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Katy Werling's parents think she's spending the night with a friend, unaware their child is lying severely injured at the bottom of a ravine. A crisis in their marriage consumes them, preventing them from focusing on anything other than their crumbling lives.
Neighboring families, all facing their own catastrophes, are equally oblivious to a black dog's attempt to capture their attention.
Will any of them look past their individual struggles to discover the dog's urgent message and save the child?
At ten p.m. on the night after the last day of school, ten-year-old Katy Werling rushed down Emily’s driveway in her pajamas and onto the steep moonlit blacktop road. She turned left to trudge up the forest-lined hill, her backpack stuffed with still-clean weekend clothing slung across her back. Two hundred and fifty steps to her own driveway.
“Monique? Here, girl. Come.” Katy called happily for the dog, trying hard to ignore the shadow-filled forest and the yawning blackness of the ravine on the far side of the road. Her heart pounded; she could feel it in her head. She pushed a strand of dark hair off her face and behind her ear.
An owl hooted.
“Come on, girl. I’m coming home!” She aimed her voice toward the ravine, where the owl sound had come from. Daddy said raccoons and skunks and possums and all kinds of other critters lived down there. It was the kind of place dogs loved. And Monique would be no different. Katy was certain of that, just as she was certain the black stray she had insisted her family adopt earlier today was the same black dog who had been in her dreams—the one who would save her life.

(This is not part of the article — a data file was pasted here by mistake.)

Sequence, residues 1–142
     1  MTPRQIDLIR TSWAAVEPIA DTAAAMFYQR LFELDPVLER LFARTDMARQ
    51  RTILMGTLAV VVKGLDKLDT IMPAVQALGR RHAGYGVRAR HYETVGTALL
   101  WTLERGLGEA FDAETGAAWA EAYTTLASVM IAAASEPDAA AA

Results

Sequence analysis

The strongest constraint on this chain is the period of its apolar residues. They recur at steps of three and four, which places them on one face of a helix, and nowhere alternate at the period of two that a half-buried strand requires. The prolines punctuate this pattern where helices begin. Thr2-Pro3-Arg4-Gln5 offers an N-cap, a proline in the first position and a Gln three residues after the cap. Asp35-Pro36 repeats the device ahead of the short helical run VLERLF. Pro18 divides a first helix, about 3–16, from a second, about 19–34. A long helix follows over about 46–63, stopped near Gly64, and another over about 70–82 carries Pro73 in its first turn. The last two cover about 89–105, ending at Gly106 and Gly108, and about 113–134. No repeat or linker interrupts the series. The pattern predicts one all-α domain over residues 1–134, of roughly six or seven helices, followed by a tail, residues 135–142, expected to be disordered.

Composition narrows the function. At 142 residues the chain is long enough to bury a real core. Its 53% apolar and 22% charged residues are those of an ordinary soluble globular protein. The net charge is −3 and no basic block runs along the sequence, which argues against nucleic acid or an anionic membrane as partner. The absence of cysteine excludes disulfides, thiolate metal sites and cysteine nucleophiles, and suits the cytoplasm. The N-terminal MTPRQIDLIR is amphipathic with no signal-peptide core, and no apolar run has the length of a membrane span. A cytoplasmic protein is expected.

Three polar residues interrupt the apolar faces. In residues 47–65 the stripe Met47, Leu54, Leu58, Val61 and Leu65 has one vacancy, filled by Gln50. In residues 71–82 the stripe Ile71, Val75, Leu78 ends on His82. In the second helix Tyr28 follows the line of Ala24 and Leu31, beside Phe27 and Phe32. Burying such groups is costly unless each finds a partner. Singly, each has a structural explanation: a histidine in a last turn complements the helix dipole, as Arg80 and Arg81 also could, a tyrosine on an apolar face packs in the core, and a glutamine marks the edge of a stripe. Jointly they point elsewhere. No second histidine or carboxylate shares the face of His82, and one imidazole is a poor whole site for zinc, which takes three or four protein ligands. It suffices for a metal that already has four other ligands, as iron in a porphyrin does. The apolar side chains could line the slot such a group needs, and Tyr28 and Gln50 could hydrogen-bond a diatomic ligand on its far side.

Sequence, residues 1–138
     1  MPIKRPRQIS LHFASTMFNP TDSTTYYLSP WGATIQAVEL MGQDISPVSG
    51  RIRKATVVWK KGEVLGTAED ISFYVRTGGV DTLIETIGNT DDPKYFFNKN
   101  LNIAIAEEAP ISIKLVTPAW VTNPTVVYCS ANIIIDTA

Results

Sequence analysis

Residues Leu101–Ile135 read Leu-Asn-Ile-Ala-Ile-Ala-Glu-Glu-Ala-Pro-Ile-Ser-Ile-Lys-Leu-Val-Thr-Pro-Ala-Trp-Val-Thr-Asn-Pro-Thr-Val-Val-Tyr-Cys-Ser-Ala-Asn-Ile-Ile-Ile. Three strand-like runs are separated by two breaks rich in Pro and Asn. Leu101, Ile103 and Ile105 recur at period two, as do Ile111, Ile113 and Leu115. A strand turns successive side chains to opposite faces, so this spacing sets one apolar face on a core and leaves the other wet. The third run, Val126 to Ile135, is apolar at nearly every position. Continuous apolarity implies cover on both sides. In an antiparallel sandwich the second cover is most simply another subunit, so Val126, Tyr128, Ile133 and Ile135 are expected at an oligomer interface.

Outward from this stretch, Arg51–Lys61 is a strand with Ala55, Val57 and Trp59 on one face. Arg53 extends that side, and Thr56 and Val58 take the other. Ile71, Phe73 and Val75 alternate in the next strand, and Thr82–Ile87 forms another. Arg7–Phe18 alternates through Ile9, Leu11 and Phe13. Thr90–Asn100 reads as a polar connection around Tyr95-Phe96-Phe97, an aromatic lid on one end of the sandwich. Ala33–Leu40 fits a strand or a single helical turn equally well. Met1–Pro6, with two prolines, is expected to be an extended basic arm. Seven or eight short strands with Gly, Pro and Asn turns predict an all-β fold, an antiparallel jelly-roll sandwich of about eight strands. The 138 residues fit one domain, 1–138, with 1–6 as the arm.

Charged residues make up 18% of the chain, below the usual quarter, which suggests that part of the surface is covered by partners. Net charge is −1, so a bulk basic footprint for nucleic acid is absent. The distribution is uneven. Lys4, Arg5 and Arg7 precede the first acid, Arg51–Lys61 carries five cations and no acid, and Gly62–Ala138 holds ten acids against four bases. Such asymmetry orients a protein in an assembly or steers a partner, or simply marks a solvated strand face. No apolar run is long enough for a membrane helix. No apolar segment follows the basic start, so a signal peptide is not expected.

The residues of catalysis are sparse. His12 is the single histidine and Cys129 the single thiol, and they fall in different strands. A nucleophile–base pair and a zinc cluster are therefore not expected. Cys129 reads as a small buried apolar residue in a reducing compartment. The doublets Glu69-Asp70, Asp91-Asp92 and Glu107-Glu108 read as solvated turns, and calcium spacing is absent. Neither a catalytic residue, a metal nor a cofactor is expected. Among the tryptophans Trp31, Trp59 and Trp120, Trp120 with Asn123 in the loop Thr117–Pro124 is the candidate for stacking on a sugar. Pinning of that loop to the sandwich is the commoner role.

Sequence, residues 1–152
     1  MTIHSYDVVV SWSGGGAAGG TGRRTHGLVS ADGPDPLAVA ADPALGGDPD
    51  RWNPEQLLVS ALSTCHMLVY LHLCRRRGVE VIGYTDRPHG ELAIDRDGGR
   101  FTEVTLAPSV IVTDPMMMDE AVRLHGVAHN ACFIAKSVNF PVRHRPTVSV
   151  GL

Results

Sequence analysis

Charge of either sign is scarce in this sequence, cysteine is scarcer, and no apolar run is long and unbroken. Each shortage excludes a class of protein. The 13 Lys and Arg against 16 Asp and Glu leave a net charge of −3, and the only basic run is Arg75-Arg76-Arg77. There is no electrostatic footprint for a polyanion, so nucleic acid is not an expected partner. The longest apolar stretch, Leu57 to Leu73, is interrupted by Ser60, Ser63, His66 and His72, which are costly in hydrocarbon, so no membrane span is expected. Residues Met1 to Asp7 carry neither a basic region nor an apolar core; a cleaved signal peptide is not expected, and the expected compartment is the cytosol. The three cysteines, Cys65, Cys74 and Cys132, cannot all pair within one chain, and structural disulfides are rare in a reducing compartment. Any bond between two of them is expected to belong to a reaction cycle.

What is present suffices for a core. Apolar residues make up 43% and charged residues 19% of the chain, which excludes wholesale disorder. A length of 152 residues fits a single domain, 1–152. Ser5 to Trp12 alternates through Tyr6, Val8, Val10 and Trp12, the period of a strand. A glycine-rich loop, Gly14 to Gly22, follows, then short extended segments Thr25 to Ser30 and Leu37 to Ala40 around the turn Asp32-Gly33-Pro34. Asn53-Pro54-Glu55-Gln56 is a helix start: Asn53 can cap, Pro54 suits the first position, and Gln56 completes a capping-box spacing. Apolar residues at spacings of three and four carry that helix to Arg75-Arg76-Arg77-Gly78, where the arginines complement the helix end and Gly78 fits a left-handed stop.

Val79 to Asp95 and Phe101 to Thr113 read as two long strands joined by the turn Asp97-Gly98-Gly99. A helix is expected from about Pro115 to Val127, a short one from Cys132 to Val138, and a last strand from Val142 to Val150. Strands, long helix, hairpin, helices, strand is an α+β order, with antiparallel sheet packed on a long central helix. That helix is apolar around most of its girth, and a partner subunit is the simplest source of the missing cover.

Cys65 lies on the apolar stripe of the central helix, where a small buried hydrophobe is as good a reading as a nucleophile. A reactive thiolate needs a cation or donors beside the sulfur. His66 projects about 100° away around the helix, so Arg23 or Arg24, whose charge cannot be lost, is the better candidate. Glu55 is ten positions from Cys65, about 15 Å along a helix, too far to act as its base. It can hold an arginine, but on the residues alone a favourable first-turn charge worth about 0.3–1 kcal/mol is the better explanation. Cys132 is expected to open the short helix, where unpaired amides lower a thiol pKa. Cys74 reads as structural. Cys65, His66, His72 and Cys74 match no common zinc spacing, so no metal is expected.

Down in the ravine, a dog barked.
“Monique? Where are you?” Katy peered at the shadowy trees. Patches of moonlight flickered into the ravine, reflecting off rocks and tree bark. She didn’t like to go down there this time of year. The spring rains had fed too many sticker vines and bushes, not to mention all the ticks and mosquitoes. But there was sort of a path. If she found it, she could go down a little ways so that Monique could hear her better and find her way out. “Monique?”
Seconds later, when the dog barked again, Katy was certain the animal was in the ravine. She could see the rocky path; bits of it glowed white in the moonlight. “Monique? Here, girl.” Her nose tickled, probably from that pollen she was allergic to. She rubbed her nose and sneezed once, twice, three times.
Katy hurried along the steep path that dove through the trees. She held her Cuddle Bunny stuffed rabbit close. The plastic soles of her house shoes slipped on wet leaves, but she caught herself and plunged on.
Another few steps. This time, when she slipped, she fell forward, off balance.
Katy tumbled. She screamed as spiny brambles caught and sliced at the skin of her bare arms and face. She gasped when thick bushes slowed her fall, and then screamed again when they released her. She plunged deeper, down toward the rushing stream at the bottom of the rock-strewn ravine.
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